Last April, when I posted a blog and slideshow about an exhibition of iPhone art -- The Art of iPhone Photography in Orange County -- I was stunned by the level of attention and interest that the blog generated. When it briefly appeared on the AOL homepage my editor told me it generated over a million pageviews in a 24 hour period. As the comments that followed the blog demonstrated, people had trouble believing that such striking images could be made on an iPhone.
Since that time, I have kept in touch with Knox Bronson, who oversees a the site P1xels: The Art of the iPhone, which bills itself as a "global salon for iPhonic art." The next time you feel like web surfing, drop by the site and look over some of the thousands -- that is correct: thousands -- of images on view. Prepare to be touched, inspired and flat out amazed.
Knox recently asked me to serve on a panel of judges for THE THIRD WAVE, a global exhibition of iPhonic art. In looking over the entries I was dazzled by the expressive range of the images, and I couldn't help noticing the growing subtlety of the digital transformations that took so many of them into the range of what I would have to call "digital painting." Who knew iPhones, iPads, and iPods -- the allowed devices -- could capture and transform images so fluidly?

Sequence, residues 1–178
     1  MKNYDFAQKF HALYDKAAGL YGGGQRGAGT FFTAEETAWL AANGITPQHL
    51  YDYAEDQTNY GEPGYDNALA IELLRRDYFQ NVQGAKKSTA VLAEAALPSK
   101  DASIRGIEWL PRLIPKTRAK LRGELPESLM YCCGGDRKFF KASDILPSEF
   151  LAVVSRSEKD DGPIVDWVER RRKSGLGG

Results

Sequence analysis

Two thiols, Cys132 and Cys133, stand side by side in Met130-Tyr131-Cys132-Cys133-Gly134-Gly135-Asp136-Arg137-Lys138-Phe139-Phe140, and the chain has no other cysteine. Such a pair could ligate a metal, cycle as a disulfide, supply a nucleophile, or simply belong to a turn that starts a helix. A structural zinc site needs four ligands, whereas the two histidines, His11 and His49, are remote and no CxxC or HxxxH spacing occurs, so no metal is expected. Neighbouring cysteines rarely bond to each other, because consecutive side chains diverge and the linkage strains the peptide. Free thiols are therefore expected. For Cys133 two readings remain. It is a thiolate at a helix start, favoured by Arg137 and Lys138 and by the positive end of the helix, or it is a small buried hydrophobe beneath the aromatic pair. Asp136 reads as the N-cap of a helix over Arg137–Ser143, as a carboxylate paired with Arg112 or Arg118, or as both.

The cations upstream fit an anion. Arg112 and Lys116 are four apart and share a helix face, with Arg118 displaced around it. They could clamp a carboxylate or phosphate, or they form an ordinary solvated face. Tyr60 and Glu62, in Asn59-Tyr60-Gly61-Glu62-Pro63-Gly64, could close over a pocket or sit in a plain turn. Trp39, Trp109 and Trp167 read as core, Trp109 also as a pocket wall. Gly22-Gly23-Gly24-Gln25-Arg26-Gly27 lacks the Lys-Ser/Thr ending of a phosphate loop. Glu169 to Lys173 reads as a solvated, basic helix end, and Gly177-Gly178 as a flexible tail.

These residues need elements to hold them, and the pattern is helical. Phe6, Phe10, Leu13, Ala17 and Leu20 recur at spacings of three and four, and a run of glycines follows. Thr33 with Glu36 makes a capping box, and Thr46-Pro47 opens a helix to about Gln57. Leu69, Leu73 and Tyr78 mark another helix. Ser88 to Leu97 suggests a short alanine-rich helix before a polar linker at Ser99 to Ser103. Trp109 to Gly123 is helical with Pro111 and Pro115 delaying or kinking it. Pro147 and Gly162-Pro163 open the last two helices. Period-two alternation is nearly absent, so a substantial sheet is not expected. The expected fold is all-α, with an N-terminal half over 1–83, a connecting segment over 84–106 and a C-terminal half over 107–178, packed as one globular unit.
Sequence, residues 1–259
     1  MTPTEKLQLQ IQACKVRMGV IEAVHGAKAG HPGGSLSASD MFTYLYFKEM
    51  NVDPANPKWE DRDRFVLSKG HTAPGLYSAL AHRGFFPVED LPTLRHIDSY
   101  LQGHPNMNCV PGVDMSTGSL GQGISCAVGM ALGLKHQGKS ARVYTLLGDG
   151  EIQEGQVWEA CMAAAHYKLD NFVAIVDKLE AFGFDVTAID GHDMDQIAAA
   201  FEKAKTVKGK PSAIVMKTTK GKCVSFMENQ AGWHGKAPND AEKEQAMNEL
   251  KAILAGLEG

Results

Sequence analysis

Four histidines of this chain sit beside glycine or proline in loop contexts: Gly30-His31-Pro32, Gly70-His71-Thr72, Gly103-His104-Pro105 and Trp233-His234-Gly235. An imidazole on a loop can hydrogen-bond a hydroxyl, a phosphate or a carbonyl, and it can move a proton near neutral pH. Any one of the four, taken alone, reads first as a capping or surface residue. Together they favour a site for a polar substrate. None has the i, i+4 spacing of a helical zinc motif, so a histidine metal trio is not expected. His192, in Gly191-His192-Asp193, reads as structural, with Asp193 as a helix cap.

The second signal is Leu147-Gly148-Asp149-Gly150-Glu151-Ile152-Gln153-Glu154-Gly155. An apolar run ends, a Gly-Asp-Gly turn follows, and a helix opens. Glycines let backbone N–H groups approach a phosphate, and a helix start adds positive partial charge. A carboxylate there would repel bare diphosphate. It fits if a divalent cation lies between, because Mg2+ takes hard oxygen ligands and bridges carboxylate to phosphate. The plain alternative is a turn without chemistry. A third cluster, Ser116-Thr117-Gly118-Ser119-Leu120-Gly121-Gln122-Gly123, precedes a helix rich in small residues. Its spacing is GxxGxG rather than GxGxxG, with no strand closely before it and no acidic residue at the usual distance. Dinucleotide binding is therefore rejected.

Baron Wolman -- the first photographer for Rolling Stone who also served as a judge for the exhibition -- had this reaction after looking over this year's entries:
As a non-iPhone user I was stunned by the new visual world I encountered as I perused the many entries. I had simply no idea the level of creativity possible with what is still archaically called a mobile telephone... With the advent of inexpensive digital cameras the floodgates of photographic creativity have opened. Thousands of people who had never considered themselves photographers have become seriously talented shooters. The world of photography has been transformed forever.
I asked Knox to tell me about the guidelines for the exhibition, and here is what he had to say:
All the images, which came in from a global call for submissions, were shot using on the iPhone and further manipulated on the device. No off-device editing or manipulation, i.e., with a laptop or desktop computer, was permitted.
Artists develop their own app sets out of thousands available and workflow for working on their images: most use from five to ten apps on a given picture. They play with textures, color, saturation, distortion, all manners of image manipulation, layering the results, adjusting every pixel, to achieve a personal vision on the tiny device. Henri Matisse once remarked, 'Much of the beauty that arises in art comes from the struggle an artist wages with his limited medium.' Quite à propos to the making of iPhonic art."
Enjoy this online sampling of selections from the show, or drop by and see the prints in Berkeley or Bremen.
Garden Gate Creativity Center
2911 Claremont Blvd. Berkeley, CA
November 29th 2012 - January 30th 2013
Reception: December 1, 6-10 PM
Goethestraße 36, Bremen, Germany
December 21, 2012 - February 22, 2013
Correction: An earlier version of this post listed "Golden Gate Creativity Center," which is incorrect. We regret the error.